They Say It Makes the Heart Grow

Poetry / Abriana Jetté

 

:: They Say It Makes the Heart Grow ::

 
Where does desire come from? When my husband
and I come together at night, I swear, I crave nothing.
I am so content to spend hours inside trusting
what he wants to watch on the television, it’s boring.
Others call it happiness. This is marriage, the working
at being bored. Running out of milk and washing floors
and then doing that again. Once more. An occasional walk in
the park, but most of the time, the yearning for something more.

When he and I are together what is there to crave?
It’s when we part that I begin overheating, feel as if I
might stop breathing and don’t want to be saved.
We all have something strange that keeps us high.
I bet we couldn’t change our vices if we tried.
I want my husband most after we say goodbye. 



 

 

From the writer

 

:: Account ::

What pleased me at the end of this poem was its con­nec­tion to Perse­phone. Even when I’m not try­ing, my poet­ry finds a way back to the Queen. Some­thing about her unset­tled nature excites me, or, it excites that voice writ­ing my poems. In my fab­ri­ca­tion, Perse­phone and Hades are rav­en­ous, pas­sion­ate, mad for one anoth­er when they are togeth­er, but when they are apart, well, when they are apart, they are hap­py. When I think about Perse­phone, I think a lot about the ten­sions between hap­pi­ness and desire. How­ev­er, I wasn’t think­ing about Perse­phone when I wrote this son­net. Its ori­gins are much, much more ordi­nary.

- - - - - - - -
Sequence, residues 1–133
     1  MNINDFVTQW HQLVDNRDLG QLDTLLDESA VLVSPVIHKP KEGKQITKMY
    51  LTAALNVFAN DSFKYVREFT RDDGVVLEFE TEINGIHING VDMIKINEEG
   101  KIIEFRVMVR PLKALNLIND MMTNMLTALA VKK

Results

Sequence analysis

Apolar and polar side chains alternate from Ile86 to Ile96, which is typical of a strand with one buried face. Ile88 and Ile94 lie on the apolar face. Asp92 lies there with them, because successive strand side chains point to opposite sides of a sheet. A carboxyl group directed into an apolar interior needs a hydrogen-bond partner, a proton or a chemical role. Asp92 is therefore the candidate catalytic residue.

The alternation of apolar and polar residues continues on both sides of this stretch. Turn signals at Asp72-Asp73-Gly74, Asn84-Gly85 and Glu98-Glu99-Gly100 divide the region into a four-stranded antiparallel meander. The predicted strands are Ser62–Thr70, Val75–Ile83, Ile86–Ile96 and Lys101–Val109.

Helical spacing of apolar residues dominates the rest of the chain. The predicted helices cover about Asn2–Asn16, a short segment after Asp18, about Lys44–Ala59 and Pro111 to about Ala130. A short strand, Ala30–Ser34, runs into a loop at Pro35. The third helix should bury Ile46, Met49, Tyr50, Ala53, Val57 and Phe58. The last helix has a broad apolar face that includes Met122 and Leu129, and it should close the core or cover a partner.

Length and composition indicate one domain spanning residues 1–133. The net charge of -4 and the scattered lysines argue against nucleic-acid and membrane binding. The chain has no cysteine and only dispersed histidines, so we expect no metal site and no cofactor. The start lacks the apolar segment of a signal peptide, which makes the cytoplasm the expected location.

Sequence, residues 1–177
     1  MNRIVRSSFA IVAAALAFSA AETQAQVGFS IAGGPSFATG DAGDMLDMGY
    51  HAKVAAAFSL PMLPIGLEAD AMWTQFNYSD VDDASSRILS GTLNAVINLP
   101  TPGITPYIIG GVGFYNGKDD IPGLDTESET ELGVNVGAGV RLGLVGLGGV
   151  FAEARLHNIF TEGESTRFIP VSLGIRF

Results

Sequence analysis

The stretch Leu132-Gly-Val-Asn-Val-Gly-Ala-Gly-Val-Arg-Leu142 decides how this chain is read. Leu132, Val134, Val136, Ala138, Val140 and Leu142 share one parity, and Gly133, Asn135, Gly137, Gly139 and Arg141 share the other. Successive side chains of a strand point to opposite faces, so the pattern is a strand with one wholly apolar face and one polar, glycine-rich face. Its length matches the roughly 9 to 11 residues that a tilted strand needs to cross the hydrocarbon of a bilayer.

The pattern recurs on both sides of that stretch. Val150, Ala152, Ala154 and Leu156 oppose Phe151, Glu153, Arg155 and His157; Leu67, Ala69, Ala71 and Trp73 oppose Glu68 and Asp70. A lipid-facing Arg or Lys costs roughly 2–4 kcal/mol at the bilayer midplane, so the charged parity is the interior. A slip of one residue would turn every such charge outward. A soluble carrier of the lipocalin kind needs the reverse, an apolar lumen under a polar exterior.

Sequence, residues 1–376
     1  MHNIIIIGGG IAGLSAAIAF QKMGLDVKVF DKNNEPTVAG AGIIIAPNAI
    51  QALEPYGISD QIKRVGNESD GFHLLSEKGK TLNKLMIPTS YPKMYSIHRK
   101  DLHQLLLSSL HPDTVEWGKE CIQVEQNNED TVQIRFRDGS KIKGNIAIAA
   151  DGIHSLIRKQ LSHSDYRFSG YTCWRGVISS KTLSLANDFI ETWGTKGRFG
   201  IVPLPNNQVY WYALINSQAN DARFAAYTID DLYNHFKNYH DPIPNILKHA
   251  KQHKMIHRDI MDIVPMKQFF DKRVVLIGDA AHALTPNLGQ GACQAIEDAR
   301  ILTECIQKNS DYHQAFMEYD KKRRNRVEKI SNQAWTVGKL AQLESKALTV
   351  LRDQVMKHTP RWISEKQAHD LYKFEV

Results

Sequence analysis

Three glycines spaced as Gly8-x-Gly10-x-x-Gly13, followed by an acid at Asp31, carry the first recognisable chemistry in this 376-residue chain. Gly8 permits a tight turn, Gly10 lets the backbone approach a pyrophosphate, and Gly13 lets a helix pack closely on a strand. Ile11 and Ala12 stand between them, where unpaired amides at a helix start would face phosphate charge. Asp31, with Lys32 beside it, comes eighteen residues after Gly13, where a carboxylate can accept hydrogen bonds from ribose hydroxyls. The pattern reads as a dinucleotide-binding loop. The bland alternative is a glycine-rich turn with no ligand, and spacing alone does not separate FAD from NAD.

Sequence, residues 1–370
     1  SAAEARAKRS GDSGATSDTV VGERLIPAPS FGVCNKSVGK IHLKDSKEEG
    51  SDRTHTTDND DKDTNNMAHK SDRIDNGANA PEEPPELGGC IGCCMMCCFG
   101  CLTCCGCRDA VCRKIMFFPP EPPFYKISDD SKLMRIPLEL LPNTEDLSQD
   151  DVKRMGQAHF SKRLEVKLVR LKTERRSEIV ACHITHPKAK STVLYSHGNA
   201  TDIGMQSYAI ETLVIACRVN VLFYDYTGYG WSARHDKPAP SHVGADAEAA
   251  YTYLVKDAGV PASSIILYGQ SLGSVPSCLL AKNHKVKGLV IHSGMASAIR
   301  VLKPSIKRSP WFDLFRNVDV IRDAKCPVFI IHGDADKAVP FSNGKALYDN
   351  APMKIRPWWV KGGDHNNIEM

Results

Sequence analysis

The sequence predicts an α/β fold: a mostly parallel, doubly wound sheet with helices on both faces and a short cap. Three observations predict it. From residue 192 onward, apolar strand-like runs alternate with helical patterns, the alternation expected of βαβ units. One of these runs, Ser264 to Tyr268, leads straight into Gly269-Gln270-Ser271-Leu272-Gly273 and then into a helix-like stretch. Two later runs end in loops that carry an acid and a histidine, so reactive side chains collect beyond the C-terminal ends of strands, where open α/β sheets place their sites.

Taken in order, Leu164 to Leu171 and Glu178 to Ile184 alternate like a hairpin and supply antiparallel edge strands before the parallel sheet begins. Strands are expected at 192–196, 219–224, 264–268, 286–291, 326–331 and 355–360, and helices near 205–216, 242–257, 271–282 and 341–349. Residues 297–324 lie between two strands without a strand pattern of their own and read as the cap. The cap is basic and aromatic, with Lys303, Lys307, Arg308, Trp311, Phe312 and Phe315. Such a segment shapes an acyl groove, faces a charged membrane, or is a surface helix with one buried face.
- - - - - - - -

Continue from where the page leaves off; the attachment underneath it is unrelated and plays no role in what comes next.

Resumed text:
One, two years ago, a late Mon­day morn­ing in late August, my hus­band takes his time going to work, so the usu­al Mon­day rou­tine is slowed down. I’m antsy to check my email. He wants me to stay in bed. Even­tu­al­ly, he gets up: brush­es his teeth, gets dressed, makes a cup of cof­fee for the road. We kiss good­bye. He shuts the door, lock­ing it, as is his habit.  

The room is silent and large and emp­ty, and I didn’t care what these emails are about any­way. He is gone, so I want him back. 

So I write about it.  

Equal parts ordi­nary and Perse­phone. That’s what accounts for this poem.


Born and raised in Brook­lyn, New York, Abri­ana Jet­té is the edi­tor of the anthol­o­gy series Stay Thirsty Poets, as well as a poet, essay­ist, and edu­ca­tor. Her work has appeared in Plume Poet­ry Jour­nal, The Moth, Riv­er Teeth, Seneca Review, and many oth­er places. Her research inter­ests include cre­ative writ­ing stud­ies and alter­na­tive ped­a­go­gies. She cur­rent­ly teach­es at Kean Uni­ver­si­ty.